There was a time when Kobe Bryant was unquestionably the best player in the NBA. He dominated the 2000s in much the same way that Michael Jordan dominated the ’90s. All five of his championships were won between 2000 and ’10, two of them without Shaquille O’Neal casting doubt over Kobe’s relative contribution.
Fast-forward to 2014, and Kobe’s status among the NBA elite is undergoing an ever-increasing amount of scrutiny. Coming off of a broken bone in his left knee that kept him out of all but six games last year, the 18-year veteran appears to be intent on proving all of his doubters wrong.
He stated recently on Jimmy Kimmel Live that he is “100 percent healthy,” and I believe him. We have all seen that look in Kobe’s eyes; when he decides that he will not be denied something that he wants. The rest of the NBA should be scared.
The Los Angeles Lakers are clearly making a concerted effort to surround Kobe with the type of talent he needs to make one last run at his sixth title. Their roster was stacked with players signed to a one-year deal, for the very purpose of opening up an incredible amount of cap space for this summer. Assuming they can find a suitor for Steve Nash’s $9.7 million salary, they will have plenty of room to add multiple stars with which to surround Kobe.
Thursday night, the Lakers selected Julius Randle with the seventh pick in the 2014 NBA Draft, yet another piece to the championship puzzle.
With the right supporting cast, and assuming Kobe can stay healthy, I would not be surprised to see the Lakers make a quick return to prominence, right where they belong. This year’s playoffs just didn’t seem right without them in it.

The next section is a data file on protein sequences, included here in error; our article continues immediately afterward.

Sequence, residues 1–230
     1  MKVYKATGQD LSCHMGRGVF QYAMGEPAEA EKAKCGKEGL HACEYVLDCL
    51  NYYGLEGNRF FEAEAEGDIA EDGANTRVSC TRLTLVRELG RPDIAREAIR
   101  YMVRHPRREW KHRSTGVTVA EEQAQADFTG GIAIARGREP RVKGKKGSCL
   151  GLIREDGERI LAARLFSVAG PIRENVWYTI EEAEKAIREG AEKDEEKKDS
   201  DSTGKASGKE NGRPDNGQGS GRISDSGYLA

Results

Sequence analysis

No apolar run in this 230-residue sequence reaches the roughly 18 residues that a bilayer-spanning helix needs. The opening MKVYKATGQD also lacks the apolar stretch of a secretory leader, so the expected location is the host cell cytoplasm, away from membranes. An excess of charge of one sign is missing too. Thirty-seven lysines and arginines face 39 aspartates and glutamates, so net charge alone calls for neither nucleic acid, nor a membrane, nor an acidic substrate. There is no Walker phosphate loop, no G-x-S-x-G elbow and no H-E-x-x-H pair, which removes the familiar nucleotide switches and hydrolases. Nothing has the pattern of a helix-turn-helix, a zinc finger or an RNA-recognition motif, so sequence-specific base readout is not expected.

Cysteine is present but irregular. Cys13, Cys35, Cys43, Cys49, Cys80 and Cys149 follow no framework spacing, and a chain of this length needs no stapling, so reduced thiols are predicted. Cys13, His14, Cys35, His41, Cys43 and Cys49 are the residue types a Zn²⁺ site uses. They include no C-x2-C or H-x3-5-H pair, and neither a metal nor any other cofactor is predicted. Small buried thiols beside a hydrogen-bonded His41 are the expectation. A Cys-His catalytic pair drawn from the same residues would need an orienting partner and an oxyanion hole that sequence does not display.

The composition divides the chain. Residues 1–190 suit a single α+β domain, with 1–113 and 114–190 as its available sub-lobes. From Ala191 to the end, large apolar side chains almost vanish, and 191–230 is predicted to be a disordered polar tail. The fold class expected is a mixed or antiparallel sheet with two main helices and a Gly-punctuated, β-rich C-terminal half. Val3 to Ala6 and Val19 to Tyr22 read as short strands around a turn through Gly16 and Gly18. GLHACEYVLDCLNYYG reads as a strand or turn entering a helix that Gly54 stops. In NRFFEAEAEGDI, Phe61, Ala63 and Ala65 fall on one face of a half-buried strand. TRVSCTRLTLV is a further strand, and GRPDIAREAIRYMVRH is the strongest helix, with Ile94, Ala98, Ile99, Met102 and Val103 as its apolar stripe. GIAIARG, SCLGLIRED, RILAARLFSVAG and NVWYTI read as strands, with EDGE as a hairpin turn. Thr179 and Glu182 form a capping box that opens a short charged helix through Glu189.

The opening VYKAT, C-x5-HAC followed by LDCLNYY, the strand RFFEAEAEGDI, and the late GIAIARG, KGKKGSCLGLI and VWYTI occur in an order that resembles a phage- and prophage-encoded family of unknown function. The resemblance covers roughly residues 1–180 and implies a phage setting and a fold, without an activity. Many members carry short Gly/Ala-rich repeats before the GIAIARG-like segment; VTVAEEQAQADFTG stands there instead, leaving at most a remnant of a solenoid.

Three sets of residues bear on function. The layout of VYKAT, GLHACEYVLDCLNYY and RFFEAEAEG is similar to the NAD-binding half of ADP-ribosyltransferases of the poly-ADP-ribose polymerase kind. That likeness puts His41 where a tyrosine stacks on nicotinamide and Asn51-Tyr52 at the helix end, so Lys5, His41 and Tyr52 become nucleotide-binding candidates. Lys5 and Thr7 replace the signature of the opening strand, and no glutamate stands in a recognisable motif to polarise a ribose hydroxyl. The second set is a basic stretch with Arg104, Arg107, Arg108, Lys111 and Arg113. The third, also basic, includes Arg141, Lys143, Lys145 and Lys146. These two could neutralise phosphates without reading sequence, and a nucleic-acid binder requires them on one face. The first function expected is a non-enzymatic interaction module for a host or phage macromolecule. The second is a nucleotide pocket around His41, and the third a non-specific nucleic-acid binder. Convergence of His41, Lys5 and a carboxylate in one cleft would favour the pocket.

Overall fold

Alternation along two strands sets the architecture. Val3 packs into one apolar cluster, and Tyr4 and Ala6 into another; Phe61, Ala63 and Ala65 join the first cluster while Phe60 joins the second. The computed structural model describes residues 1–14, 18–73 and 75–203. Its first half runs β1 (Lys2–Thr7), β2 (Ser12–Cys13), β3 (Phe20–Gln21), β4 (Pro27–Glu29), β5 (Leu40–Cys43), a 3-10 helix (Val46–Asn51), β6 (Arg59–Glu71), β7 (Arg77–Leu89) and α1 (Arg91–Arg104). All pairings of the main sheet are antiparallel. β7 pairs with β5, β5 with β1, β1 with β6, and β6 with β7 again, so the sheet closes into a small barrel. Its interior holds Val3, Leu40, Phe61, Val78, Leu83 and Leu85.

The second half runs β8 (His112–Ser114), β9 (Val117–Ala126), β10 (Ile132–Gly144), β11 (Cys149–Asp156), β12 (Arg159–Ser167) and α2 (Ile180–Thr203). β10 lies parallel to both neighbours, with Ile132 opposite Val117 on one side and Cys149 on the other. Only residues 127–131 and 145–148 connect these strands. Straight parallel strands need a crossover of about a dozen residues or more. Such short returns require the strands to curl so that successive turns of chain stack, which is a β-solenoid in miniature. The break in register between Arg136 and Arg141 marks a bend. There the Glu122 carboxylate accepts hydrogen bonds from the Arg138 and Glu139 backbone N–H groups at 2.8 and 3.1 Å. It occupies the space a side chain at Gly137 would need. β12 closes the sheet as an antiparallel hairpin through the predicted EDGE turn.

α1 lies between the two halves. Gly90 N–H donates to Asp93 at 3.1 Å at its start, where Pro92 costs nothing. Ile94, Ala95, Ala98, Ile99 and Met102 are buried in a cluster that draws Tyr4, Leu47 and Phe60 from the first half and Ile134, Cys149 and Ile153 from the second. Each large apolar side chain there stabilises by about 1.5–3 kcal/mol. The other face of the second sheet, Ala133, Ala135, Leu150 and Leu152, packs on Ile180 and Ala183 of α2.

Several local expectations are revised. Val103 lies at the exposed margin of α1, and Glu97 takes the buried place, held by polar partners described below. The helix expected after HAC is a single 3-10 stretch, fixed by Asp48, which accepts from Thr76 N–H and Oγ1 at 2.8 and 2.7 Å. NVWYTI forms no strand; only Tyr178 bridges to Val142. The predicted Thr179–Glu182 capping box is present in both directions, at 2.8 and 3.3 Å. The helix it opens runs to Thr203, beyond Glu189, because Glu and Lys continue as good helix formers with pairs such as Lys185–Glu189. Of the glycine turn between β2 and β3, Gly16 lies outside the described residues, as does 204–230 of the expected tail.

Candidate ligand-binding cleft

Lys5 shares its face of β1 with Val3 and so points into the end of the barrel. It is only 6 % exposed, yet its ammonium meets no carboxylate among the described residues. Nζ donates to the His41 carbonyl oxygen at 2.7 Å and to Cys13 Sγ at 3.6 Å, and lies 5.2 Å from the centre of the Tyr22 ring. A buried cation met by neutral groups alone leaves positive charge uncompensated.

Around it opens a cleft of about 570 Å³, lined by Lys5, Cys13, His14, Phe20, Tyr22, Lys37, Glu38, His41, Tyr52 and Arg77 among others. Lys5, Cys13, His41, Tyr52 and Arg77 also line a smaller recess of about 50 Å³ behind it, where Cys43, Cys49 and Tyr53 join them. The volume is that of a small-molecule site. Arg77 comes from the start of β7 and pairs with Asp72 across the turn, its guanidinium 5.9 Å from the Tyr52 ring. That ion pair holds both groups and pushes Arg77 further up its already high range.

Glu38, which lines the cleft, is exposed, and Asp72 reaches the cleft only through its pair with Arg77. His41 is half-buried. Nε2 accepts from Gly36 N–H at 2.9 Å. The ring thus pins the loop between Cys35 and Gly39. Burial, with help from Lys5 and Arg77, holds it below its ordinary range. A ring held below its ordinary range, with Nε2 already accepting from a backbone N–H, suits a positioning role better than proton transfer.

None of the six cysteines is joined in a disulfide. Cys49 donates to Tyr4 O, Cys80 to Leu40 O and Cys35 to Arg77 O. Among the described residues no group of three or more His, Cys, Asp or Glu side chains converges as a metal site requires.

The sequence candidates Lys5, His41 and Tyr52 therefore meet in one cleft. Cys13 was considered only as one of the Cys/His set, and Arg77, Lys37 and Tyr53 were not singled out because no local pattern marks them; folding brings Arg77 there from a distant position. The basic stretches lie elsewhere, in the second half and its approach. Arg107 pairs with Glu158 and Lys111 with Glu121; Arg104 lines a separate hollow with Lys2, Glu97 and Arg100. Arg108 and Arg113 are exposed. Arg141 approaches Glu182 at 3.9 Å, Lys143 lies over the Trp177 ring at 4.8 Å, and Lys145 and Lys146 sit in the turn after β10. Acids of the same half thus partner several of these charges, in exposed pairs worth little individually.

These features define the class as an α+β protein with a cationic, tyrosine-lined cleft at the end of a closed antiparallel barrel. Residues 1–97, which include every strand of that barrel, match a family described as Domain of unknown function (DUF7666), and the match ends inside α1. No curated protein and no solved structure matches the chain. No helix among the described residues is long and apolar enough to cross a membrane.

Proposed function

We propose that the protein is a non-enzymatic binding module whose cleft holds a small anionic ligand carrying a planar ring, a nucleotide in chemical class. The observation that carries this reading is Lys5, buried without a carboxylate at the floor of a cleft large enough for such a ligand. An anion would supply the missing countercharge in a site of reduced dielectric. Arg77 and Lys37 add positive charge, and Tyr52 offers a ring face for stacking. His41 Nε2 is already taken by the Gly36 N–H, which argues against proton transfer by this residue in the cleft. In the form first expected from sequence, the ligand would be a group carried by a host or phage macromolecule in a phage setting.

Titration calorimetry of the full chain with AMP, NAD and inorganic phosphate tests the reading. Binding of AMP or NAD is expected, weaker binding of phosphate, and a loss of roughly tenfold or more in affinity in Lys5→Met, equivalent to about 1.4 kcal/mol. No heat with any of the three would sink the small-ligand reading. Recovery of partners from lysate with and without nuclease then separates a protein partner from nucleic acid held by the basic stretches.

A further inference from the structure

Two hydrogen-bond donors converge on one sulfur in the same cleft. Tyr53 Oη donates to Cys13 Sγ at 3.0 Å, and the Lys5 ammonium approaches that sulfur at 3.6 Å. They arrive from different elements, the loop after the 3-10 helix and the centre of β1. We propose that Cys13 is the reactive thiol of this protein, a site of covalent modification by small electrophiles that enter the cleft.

But, just as the scrutiny is intensifying for Kobe, so too is the criticism surrounding Kevin Durant.
Durant certainly did his legacy no favors this season, as he clearly deferred to Russell Westbrook multiple times throughout the Oklahoma City Thunder’s playoff run. Durant is beginning to feel the pressures that plagued LeBron James’ career prior to his first championship victory, and he appears to be shying away from the spotlight.
In fact, I believe Durant should be fielding more criticism than is actually being thrown his direction. If it weren’t for the fact that he was perceived as the “nice guy” of the NBA, he would be getting absolutely slammed by fans and media alike. And he would deserve it. Superstars need to own those moments. They are the moments that define one’s legacy.
I’m not trying to denounce Durant’s talent at all. He is incredibly gifted and clearly one of the best players in the league, but for my money I’ll take Kobe every day of the week, and 24 times on Sunday. And I’m not talking about in their respective primes either; I mean next season.
Yes, you heard me right. I’d take a fired up Kobe, on the downside of his career, over a passive Durant in his prime. And I dare anyone to tell me why I should feel otherwise.
Let the debate begin.